Examining the relationship between vertical metrics in detail yields insights to marketers who aim to provide specialized service to the brands they serve.
The way different industries measure success can vary wildly. A bad week for one vertical market could be stellar for another. For example, a hurricane is often devastating for a retail chain, but can boost profit for a shingle manufacturer as people rebuild.
By comparing and contrasting the differing metrics verticals use, we can find overlaps as well as unique key performance indicators (KPIs). Examining these factors in detail yields insights for marketers who aim to provide specialized service to their verticals.
The Relationship Between KPIs and Goal-Setting
Marketers must be careful not to examine KPIs as goals unto themselves. They are keys to indicating performance but do not always translate to the desired performance goal itself. Any good analysis involves examining the correlation between an overarching goal and the KPI used to examine it.
For instance, an e-commerce site may want a higher rate of sales conversions. Instead of measuring conversions in isolation, they should look at how other factors such as targeted demographic leads coming from search. If no leads are coming in from the target, this could be a reason that conversions are low. They can look for a correlation between the two and test ways to boost one through the other.
This example shows how each metric or KPI is practically useless in isolation, but rather represents one slice of a larger business ecosystem. With that caveat in mind, here are some of the most interesting vertical metrics to explore:
Who Uses It Most: Everyone, especially product-based verticals.
Sales volume matters to everyone. Industries that deal in product units like consumer packaged goods, retail and auto have the highest stakes in sales volume. One sale generally does not make money for an extended period of time, unlike a bank that signs someone up for a credit card account. These industries also have inventory to manage, meaning low sales volume leads to higher overhead costs for things like storage.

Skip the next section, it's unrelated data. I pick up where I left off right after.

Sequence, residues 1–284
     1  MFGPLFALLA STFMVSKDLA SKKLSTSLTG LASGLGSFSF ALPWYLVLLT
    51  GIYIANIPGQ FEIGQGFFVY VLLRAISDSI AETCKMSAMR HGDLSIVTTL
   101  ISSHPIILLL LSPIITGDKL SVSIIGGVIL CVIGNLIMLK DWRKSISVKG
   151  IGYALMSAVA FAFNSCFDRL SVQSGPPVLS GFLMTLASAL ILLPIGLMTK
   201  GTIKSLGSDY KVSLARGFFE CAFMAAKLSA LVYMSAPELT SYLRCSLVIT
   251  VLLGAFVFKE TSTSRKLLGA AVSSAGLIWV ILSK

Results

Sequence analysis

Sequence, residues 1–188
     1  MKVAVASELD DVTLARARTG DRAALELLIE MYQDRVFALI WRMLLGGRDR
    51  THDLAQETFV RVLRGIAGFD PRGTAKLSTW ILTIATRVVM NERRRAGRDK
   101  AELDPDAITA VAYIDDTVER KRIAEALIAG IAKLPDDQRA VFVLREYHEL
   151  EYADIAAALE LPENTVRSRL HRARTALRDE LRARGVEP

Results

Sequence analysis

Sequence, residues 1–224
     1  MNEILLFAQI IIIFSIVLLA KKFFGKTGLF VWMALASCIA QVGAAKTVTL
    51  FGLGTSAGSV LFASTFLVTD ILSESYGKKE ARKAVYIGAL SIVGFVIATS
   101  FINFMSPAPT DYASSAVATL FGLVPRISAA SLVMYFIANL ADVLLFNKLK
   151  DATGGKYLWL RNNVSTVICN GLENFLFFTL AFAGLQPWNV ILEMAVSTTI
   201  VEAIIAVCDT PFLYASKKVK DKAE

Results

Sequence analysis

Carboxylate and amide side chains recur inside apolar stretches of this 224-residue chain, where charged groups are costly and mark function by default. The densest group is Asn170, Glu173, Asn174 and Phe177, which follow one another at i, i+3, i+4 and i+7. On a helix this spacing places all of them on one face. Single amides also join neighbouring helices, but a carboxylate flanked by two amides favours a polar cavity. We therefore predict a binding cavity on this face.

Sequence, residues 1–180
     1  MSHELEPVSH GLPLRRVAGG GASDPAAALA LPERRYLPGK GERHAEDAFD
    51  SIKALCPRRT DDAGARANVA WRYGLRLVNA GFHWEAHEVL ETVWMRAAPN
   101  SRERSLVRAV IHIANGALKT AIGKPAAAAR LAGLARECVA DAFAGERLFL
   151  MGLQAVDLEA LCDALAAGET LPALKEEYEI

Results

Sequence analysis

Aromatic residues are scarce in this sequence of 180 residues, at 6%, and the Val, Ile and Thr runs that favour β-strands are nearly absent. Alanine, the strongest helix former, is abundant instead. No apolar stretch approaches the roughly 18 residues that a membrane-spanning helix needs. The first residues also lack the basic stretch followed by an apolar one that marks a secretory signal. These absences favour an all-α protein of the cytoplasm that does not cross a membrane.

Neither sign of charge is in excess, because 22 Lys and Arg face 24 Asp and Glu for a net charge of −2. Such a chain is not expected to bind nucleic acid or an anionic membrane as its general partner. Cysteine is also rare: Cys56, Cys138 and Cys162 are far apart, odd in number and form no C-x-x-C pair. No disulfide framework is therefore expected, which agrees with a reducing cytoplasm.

Example metric relationship: High overall sales volume for an auto manufacturer but low sales in one vehicle segment can mean more marketing is needed to reach profit goals.
Who Uses It Most: auto, insurance, finance
Verticals with a small number of intense competitors must keep a close eye on how they stack up against the other options in their fields. In industries that sell nearly identical products like auto financing, this metric matters even more since the barriers to switching to a competitor are lower.
Many large, conglomerated industries also focus on gaining market share since they have a foothold in many niche segments. Similarly, local chains with few competitors will eye this metric closely.
Example Metric Relationship: A shrinking sales growth rate but an increase in market share can signal that a company is still doing relatively well.
Advertising Return on Investment (ROI)
Who Uses It Most: Everyone
Aside from long-term goals like growing product awareness, the success of every advertising or marketing effort will be measured by its ROI. Chief marketing officers can point to increases in social shares, but if these gains are costing a brand more than they are earning, then something needs to change.
Example metric relationship: Paid display ads on social channels can cause engagement to skyrocket, but a decreased ROI means the program needs refining to be worthwhile.
Who Uses It Most: Almost everyone
Ideal sales conversion rates are extremely variable depending on the vertical. Some have long sales funnels with high revenue potential at the end such as a business-to-business SaaS provider. Brands in this vertical can often chase a minuscule lead-to-sale conversion rate of 2% or lower.
In the middle are verticals like auto and banking, where a longer sales process means a large payoff. On the bottom end are verticals like retail, where sales conversions depend less on absolute customer conversions and more on conversion volume per customer.